B. Plaintiff’s RESPA Claim
Defendants argue that Plaintiff’s Thirteenth Claim for Relief must fail because there is no
private cause of action available under the applicable sections of the Real Estate Settlement
Procedures Act (“RESPA”). Plaintiff acknowledges that Sections 2603 and 2604, 12 U.S.C., of
RESPA do not expressly provide for a private right of action but argues that this Court should
nonetheless find that one exists notwithstanding authority to the contrary. See e.g. Duke v. H &
R Block Bank, 2011 WL 1060656 at * 4 (D. Colo Mar. 8, 2011) (RESPA §§ 2603 & 2604
“outline the disclosures which lenders must provide borrowers, but they do not create a private
cause of action against mortgage lenders who fail to make such disclosures”); Agbabiaka v.
HSBC Bank USA Nat’l Ass’n. 2010 WL 1609974 at * 4 (N.D. Cal. Apr. 20, 2010) (“There is no
private right of action under RESPA for violations of Sections 2603 and 2604.”). This I decline
Because there is no private cause of action for violations of RESPA §§ 2603 & 2604,
Defendants are entitled to judgment as a matter of law on Plaintiff’s Thirteenth Claim for Relief.
C. Plaintiff’s Standing to Pursue a Claim Under the CCPA
The Colorado Consumer Protection Act (the “CCPA”) “ was enacted to regulate
commercial activities and practices which, because of their nature, may prove injurious,
offensive, or dangerous to the public.” Rhino Linings USA, Inc. v. Rocky Mountain Rhino
Lining, Inc., 62 P.3d 142, 146 (Colo. 2003) (internal quotations and citations omitted). To
effectuate its remedial purpose, the CCPA is to be “liberally construed.” Dean Witter Reynolds
Inc. v. Variable Annuity Life Ins. Co., 373 F.3d 1100, 1113 (10th Cir.2004). “To prevail on a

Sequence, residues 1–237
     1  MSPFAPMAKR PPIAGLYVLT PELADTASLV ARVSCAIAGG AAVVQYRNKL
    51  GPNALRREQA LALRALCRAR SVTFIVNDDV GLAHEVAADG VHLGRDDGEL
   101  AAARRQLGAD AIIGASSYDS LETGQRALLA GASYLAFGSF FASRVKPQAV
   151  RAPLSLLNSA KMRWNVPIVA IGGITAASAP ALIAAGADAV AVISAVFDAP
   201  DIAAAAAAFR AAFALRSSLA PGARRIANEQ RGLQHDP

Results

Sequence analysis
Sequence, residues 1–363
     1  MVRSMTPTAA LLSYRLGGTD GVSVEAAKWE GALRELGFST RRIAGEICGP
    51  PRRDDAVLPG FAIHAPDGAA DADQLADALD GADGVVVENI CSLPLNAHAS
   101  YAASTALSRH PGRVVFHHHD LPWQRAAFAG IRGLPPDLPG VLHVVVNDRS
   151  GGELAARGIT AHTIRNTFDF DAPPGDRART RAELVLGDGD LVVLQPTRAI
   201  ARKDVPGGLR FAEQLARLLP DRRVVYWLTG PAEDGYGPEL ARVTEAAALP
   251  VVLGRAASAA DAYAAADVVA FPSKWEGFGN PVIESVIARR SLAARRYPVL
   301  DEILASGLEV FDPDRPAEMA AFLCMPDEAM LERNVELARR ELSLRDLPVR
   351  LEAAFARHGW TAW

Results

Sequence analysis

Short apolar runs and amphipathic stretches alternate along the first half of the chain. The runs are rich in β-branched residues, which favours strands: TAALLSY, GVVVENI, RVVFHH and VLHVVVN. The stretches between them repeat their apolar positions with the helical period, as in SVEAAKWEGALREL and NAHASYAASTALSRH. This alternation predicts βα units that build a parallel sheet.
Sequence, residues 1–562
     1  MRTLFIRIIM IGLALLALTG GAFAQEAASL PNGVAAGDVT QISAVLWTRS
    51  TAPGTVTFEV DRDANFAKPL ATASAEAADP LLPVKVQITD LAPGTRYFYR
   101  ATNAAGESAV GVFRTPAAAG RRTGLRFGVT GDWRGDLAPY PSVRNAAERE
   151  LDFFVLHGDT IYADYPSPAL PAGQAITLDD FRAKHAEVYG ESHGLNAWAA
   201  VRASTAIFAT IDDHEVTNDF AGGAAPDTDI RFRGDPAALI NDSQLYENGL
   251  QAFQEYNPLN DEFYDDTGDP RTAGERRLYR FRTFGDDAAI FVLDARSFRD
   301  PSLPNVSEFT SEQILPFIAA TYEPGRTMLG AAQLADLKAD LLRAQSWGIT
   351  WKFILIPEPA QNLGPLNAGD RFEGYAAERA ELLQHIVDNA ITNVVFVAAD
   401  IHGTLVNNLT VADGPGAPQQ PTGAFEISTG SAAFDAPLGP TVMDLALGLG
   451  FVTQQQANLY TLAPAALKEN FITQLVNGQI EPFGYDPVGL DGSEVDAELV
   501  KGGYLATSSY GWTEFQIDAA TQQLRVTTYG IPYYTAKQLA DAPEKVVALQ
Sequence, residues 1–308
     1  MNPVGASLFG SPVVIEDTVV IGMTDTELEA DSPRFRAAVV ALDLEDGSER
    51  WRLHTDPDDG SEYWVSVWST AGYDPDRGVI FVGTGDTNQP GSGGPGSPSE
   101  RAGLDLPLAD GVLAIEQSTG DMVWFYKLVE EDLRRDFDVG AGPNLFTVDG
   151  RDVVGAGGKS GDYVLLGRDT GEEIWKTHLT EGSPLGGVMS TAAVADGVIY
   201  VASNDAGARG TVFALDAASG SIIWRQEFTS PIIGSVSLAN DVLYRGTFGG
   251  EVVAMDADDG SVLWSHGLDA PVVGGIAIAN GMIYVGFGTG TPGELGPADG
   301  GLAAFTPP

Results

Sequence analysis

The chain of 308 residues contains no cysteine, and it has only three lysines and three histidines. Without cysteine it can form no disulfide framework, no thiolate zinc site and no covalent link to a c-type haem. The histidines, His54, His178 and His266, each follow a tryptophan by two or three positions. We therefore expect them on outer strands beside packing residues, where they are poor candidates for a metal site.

CCPA claim, a plaintiff must prove five elements: (1) the defendant engaged in an unfair or
deceptive trade practice; (2) the challenged practice occurred in the course of the defendant’s
business, vocation, or occupation; (3) the challenged practice significantly impacts the public as
actual or potential consumers of the defendant’s goods, services, or property; (4) the plaintiff
suffered injury in fact to a legally protected interest; and (5) the challenged practice caused the
plaintiff's injury.” Park Rise Homeowners Ass’n, Inc. v. Resource Const. Co., 155 P.3d 427,
434-35 (Colo. App. 2006).
Defendants argue that they are entitled to judgment as a matter of law on Plaintiff’s
CCPA claim because she cannot prove that they engaged in an unfair or deceptive trade practice;
that any such practices significantly impacted the public; or that any such practice caused her
A person engages in a “deceptive trade practice” for purposes of the CCPA when, in the
course of their business, such person, among other things knowingly makes a false
representation as to the characteristics or benefits of services. C.R.S. § 6-1-105(1)(e).